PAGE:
In this new era of feminism, we need our brothers to be more vocal, more visible in their feminism. No matter what we hope the world to look like, it is still dominated by men. Until men are willing to share power, to be led by women, to acknowledge the rights they have not had to fight for are also the rights that women are fighting so ardently for, only then will we see the equality we long for. It really does start small, a drop in the ocean. Start in your own homes, workplaces and places of worship. Start by looking at your mothers, your sisters, your wives, your daughters, your friends and ask yourself: Do I believe they are equal to their male counterparts? If yes, then tell them. Affirm them. Choose them first. Put them in your leadership team. Book them to lead your training/conference. Buy their books. Champion them. Your feminism will bring equality.

If you answered no, then think about why that is. How are they unequal? Examine your heart, open up dialogue with your feminist friends. Put yourself in our shoes, take a moment to imagine how the world looks through our eyes. The messages we are sent by the world. Women do not have to imagine looking at the world through a male lens, we have done that our whole lives.
I hope that soon enough we will no longer need to refer to women’s rights. Our references will only be to human rights. The rights for all. Regardless of gender, race or sexual orientation. Perhaps even the label of feminist will be unnecessary as we allow equality to become the norm.
Friends, come join me outside the closet. There’s room for everyone. See you on the other side!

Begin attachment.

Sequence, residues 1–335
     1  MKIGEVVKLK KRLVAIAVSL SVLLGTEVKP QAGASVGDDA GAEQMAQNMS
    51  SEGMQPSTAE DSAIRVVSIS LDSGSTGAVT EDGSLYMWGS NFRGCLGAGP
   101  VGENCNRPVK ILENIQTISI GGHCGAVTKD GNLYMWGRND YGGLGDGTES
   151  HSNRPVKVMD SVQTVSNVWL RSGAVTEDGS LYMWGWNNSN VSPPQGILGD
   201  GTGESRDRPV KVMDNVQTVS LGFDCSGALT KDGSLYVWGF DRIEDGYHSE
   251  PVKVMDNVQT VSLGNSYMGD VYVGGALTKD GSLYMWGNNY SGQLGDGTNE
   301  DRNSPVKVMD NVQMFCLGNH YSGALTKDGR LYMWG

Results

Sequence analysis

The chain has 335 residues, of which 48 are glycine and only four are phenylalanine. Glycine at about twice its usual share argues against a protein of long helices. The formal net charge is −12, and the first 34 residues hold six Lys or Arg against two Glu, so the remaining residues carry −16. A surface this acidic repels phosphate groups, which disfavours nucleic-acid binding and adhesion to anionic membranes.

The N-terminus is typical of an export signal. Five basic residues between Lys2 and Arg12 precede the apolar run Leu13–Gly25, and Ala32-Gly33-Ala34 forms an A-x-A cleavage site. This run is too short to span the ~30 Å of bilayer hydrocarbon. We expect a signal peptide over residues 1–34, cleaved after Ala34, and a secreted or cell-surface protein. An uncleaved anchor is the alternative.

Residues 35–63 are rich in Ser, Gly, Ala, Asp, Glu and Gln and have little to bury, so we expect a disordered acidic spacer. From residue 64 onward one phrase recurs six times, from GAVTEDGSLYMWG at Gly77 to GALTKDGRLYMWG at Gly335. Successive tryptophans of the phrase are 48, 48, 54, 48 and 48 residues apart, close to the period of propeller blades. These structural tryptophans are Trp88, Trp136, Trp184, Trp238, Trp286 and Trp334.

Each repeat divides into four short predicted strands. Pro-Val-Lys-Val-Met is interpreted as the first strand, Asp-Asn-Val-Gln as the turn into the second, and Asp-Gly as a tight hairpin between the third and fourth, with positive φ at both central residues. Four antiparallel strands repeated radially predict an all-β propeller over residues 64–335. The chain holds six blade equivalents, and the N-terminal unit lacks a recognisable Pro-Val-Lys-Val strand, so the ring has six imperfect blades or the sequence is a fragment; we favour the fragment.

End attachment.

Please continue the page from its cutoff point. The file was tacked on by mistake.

• Linda K

    I love your blog Sheila, made me think and I need to confess I guess I’m a feminist too.
    Having spent time watching my Mother wait hand, foot and finger on my father and to a lesser extent on my older brothers, been expected to fetch drinks and dinner to my brothers in the way my Mum did for Dad and resenting it. Now as an adult with a family the unspoken rule is if you want it, get it yourself. If I have cooked dinner then you can come to the kitchen and collect it. The only exception to this was my son (now 7) who I have waited on, but now automatically takes to the kitchen his plate/dishes and makes a drink if he wants one. There are obviously exceptions, and it’s not a huge discussed issue but I hope my son will grow up (like his Dad) to believe we are equal and women can be the major breadwinner in the family doing a previously male dominated job as easily as a man can push a pram and do the ironing.

    • sheilamarie

      Linda, I hope my son grows up to be a feminist too! It is funny how much learned behaviour we simply don’t question. Thanks for taking the time to read the blog. I’ve been very slow at adding to it so hopefully the next few months will be very fruitful for writing. Take care xx